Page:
Cross-party group calls for many more sponsored refugees

Cross-party group calls for many more sponsored refugees

SBS World News Radio: An unlikely group of MPs from across the political spectrum is calling for a major expansion of Australia's refugee intake.  

The small, rural town of Nhill in Victoria is an example of how refugees can help create an economic revival.

Seven years ago, the town was dying.

But then it welcomed 150 refugees from Myanmar, members of the Karen ethnic community.

Nationals MP Andrew Broad says many now work in the local duck abattoirs and they are keeping the industry alive.

"The Karen in Nhill have contributed $41 million to the economy. So it's created opportunities for Australians as well as being a good example of the integration of people from refugee camps."

The Turnbull Government recently introduced a scheme allowing private companies, community groups and individuals to sponsor a thousand refugees.

The idea is to shift the cost off the government.

But, now, Mr Broad says he wants to see that dramatically expanded, from 1,000 to 10,000 places.

"I think, when you have people come from refugee camps and are integrated into Australian society and then are employed and contribute to our gross domestic product, you have every Australian saying that's how immigration should work."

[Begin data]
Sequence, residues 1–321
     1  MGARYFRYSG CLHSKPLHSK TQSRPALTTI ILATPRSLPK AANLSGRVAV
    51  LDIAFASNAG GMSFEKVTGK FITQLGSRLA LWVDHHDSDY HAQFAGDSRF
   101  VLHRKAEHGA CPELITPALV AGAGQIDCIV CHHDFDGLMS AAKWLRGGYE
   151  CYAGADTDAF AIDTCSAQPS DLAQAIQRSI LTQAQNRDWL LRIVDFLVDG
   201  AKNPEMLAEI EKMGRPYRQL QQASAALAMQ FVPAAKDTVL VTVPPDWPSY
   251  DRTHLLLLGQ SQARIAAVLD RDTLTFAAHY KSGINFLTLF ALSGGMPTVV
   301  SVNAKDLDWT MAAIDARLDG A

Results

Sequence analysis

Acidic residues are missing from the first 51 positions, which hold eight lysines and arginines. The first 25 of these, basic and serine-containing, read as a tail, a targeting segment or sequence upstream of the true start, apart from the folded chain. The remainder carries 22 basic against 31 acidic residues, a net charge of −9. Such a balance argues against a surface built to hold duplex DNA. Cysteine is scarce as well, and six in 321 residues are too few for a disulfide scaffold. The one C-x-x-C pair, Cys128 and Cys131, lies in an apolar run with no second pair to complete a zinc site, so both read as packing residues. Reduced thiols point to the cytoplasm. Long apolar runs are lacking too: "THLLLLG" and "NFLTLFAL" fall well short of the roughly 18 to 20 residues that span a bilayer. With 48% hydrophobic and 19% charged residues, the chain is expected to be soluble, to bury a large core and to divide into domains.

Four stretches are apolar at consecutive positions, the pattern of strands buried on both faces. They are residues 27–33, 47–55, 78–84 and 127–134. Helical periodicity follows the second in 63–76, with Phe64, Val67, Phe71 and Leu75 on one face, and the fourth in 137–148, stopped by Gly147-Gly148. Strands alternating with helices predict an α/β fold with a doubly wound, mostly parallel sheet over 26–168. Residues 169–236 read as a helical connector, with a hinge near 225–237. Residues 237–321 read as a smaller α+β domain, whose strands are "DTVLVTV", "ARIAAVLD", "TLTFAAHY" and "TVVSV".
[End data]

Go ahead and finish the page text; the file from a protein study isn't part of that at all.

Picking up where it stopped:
Mr Broad has backed a motion to expand community sponsorship that was introduced by a Labor MP, Tim Watts.

Mr Watts says the community sponsorship model could allow thousands more refugees to come to Australia without putting any strain on the Budget.

"I think this is a real win-win model, because it lets communities dictate their contribution. If communities believe they benefit more from the program, they can try and sponsor more people. And it really gives that control to communities. It gives them a stake in this debate and a say in what they're doing."

And a Liberal MP, Russell Broadbent, has expressed his support, too.

He says the model encourages the sponsor to take an active interest in the refugee's success.

"Fairness, it's in our DNA. But we then don't carry that through internationally the way that I believe we should. And I can't stand here and say, 'Well, I can't say this, because my party will be upset with me,' because this is about relationships."

The community sponsorship program was only expanded from a small pilot to a permanent program in the Budget earlier this month.

The Department of Immigration has declined to comment on the idea of boosting it to 10,000 places.


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